Elsewhere, the Messiah is called a Branch, signifying One who would come from a plant, extending out. This would be a descendant. In this case, however, the Root refers to One who comes before. Thus, not only does this One descend from Judah (and obviously from David who was given the kingly promises), but He is the Source of David – the Root. This is confirmed later in Revelation 22 where Christ says He is both “the Root and the Offspring of David.” It is what is referred to in Matthew 22 –
While the Pharisees were gathered together, Jesus asked them, 42 saying, “What do you think about the Christ? Whose Son is He?”
They said to Him, “The Son of David.”
43 He said to them, “How then does David in the Spirit call Him ‘Lord,’ saying:
44 ‘The Lord said to my Lord,
“Sit at My right hand,
Till I make Your enemies Your footstool” ’?
45 If David then calls Him ‘Lord,’ how is He his Son?” 46 And no one was able to answer Him a word, nor from that day on did anyone dare question Him anymore. Matthew 22:41-46
Jesus was showing that not only was the Christ to come from David, but He is also the Creator of David. It is of this One that the elder then says that He “has prevailed to open the scroll and to loose its seven seals.”
Here, in these words, the fifth chapter of Revelation corresponds to the fifth letter of the Hebrew aleph-bet. The fifth letter, he, signifies “to reveal.” The opening of the scroll will reveal its contents. The One referred to by the elder “has prevailed.” The Greek word signifies to overcome, overpower, stand victorious. It is a word that implies the fighting of a battle. This One has been in a battle, and He has prevailed (see Revelation 3:21). In His prevailing, He has earned the right “to open the scroll and to loose its seven seals.”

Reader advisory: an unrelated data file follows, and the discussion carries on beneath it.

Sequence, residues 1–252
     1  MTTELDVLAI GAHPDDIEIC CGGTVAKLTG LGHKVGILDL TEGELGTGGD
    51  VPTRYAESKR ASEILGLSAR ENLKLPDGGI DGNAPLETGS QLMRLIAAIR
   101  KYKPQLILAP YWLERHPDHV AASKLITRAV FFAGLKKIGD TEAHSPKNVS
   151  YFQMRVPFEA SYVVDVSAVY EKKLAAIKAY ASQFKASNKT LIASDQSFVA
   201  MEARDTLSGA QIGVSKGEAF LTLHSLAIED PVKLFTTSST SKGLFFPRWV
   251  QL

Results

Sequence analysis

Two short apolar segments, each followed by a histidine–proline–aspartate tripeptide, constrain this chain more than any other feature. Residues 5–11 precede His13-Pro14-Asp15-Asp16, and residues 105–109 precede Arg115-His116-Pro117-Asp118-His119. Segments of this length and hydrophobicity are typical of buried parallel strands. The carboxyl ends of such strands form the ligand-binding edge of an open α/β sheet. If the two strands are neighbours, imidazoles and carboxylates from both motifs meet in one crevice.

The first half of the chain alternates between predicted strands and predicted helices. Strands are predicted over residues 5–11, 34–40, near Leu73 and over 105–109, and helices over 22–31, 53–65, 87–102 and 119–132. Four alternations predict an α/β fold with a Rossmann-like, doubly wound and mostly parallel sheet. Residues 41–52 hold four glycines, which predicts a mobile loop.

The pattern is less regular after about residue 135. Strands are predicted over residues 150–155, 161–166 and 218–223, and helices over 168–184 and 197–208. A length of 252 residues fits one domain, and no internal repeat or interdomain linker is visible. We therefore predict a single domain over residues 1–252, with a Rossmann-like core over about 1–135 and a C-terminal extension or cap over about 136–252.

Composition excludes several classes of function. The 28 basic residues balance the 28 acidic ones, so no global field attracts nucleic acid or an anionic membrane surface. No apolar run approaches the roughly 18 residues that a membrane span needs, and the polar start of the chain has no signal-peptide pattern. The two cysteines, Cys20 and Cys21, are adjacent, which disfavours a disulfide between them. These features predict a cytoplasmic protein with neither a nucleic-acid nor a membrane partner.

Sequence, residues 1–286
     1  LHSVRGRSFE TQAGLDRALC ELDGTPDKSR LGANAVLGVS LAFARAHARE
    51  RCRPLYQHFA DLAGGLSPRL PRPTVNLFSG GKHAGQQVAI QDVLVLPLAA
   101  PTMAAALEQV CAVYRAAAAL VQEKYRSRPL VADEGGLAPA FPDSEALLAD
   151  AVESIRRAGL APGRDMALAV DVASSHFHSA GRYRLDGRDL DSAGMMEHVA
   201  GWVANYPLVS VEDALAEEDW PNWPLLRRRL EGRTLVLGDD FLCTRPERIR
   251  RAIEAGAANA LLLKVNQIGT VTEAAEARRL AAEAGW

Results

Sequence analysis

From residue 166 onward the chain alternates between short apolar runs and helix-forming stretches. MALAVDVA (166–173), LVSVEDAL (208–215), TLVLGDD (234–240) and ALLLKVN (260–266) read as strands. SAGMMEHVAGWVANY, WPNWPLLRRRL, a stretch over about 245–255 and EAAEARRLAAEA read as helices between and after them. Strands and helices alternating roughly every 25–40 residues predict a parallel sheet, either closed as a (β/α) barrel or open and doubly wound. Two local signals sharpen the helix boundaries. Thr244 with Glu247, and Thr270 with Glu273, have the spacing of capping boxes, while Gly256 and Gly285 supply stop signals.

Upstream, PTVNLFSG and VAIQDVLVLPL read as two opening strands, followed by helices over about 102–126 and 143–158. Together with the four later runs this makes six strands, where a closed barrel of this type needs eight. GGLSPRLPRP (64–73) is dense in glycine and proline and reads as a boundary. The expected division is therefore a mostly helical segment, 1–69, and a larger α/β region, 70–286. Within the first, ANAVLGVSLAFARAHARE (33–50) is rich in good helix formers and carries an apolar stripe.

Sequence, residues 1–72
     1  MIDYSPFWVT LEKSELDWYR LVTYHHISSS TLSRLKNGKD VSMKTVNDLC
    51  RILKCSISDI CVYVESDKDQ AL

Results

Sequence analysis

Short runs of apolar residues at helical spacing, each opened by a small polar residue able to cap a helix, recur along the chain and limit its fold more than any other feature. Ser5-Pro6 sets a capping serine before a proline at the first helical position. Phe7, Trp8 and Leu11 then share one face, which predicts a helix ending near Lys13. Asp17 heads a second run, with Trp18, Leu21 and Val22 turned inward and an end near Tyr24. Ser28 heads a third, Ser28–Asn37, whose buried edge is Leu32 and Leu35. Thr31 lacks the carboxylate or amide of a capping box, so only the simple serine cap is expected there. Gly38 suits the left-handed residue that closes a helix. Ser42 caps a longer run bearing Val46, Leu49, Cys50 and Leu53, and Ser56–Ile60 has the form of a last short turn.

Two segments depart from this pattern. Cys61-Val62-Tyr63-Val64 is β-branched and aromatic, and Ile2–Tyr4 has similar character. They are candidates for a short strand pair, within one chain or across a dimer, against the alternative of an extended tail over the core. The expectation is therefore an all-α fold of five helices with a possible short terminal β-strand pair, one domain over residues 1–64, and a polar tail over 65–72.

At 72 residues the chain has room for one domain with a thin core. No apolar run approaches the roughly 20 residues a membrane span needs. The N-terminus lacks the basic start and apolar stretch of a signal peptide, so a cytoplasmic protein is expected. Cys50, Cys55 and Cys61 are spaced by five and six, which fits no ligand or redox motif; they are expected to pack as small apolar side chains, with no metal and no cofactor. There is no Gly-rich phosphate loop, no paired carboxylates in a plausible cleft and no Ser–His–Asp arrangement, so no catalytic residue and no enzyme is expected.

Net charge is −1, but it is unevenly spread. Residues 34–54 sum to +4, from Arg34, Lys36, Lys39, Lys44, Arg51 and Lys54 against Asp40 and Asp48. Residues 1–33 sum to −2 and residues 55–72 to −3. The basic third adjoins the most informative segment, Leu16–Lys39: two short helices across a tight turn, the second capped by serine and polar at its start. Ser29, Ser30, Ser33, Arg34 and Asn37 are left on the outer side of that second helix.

That which was sealed and inaccessible can now be made manifest. The Lion of the tribe of Judah, the Root of David, has been found worthy!
Life application: What appeared to be a loss for humanity has become a victory – but only because of the intervention of God. The incarnation of Jesus Christ was the only hope for man because all men are conceived in sin through Adam, receiving his fallen nature. All of the other beings in creation – be they spirit or animal – are in a different category, and they are unworthy to accomplish for man what man had to do.
And so, Jesus came through a woman (He is fully Man) and by the Holy Spirit (He is fully God). In this, He did not inherit Adam’s sin. He was qualified to accomplish the task set before Him. From there, the gospel shows that He was also capable of doing so. He was born sinless, and He lived without ever sinning. In this, He prevailed. He is the great King. He is JESUS!
Lord, when things seem out of control in our lives and we are at our moment of greatest sadness and despair, You are there and in complete control. What have we to fear when You have gained the victory? You not only conquered death and defeated the devil, but You have promised to include us in Your great plan for the ages to come. Praises belong to You alone, O God. Amen!